WINE, DEFINED Don’t be daunted by a long list of vino – our top wine aficionados are here to guide you through it B Y M ATT L ARDI E PHOTOGRAP HY BY SA R A H A R N ESON
LIKE AN ANCIENT GREEK SCROLL OR THE FINAL exam for advanced quantum physics, wine lists can often be intimidating and unintelligible. Vouvray? Gewürtztraminer? If every wine is supposed to have a year, what does “non-vintage” mean?* Even the most adventurous diners can end up feeling like the dunce at the smart kids’ table when presented with an ambitious wine list. (Don’t worry, you aren’t alone. We’ve all been there!) So, we’re enlisting some of Durham’s foremost wine experts to share some of their tips and tricks for demystifying the almighty wine list. I turned to Michael Maller, general manager at Vin Rouge and beverage director for Mateo, Mothers & Sons and the soon-to-open St. James Seafood and Oyster Bar, and Arturo Ciompi, who is a four-time winner of the Association of Food Journalists National Writing Award and occasional wine writer for this magazine, The Herald-Sun and Indy Week.
Arturo Ciompi knows he can count on an excellent glass of wine at Oval Park Grille.
What is the first thing you look at or for in a wine list?
MM The first thing I look for in a wine list is value. If wines, at any
price point, aren’t priced fairly, I’ll probably turn to beer. I look for a few wines I know and check the prices. AC Some restaurants feature wines from one country (France, Spain, Italy, etc.) If that is the case, I look for breadth of selections, hopefully covering most of the country. On more generic lists, I look for wines that are from smaller producers, wines that have a cache that a good server (or sommelier) can expound upon. Do you pair your wine with your food or vice versa?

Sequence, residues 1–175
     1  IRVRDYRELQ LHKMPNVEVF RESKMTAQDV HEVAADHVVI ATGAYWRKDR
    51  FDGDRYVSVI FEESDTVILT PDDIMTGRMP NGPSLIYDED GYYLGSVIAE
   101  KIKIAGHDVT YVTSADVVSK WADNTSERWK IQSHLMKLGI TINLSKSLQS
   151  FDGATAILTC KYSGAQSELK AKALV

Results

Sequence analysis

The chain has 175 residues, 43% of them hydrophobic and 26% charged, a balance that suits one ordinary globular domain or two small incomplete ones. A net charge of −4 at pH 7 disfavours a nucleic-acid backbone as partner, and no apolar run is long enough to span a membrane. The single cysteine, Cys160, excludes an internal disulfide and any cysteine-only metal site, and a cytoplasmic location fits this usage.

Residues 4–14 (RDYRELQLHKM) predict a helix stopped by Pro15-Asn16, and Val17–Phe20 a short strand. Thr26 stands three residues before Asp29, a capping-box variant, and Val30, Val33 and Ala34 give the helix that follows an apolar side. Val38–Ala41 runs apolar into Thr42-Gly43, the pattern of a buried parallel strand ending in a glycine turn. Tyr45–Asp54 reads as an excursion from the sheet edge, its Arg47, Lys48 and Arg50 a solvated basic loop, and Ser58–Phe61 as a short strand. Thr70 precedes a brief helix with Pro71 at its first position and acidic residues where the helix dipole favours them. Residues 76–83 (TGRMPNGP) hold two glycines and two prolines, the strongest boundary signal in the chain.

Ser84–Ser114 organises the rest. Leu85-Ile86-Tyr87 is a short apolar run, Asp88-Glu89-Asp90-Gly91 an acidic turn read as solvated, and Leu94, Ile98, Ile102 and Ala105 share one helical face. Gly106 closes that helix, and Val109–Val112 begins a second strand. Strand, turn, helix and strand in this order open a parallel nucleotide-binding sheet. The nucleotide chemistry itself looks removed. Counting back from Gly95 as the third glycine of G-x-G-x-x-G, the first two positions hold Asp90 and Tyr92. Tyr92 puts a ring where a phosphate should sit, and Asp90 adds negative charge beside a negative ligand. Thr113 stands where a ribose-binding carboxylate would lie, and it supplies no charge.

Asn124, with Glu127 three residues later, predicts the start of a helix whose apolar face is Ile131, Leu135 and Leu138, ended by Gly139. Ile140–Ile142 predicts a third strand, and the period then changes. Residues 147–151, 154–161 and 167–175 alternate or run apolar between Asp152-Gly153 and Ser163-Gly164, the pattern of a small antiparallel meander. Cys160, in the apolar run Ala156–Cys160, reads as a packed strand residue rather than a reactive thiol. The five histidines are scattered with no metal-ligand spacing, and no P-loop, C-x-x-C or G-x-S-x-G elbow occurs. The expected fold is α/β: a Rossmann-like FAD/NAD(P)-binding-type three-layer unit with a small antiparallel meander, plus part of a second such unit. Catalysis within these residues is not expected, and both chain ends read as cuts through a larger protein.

AC I go both ways. I often bring wine, and am a huge fan of North
Carolina’s BYOB policy. I will pair to the wine if I bring it. I will pair to the food if the wine list is good enough to match my food selection. If it is not, I’ll skip wine altogether.
*Vouvray is a region in the Loire Valley of France that produces Chenin blanc almost exclusively. Gewürtztraminer is a grape variety traditionally found in the Alsace region of France as well as Germany, northeast Italy, Switzerland and Asturias, and used to make crisp, dry white wine. Non-vintage, often noted as “NV” on wine lists, refers to a wine made from various harvest years (e.g. 2005, 2006, and 2007 as opposed to just 2006) and is most common in the production of sparkling wines, although non-vintage still wines can also be found.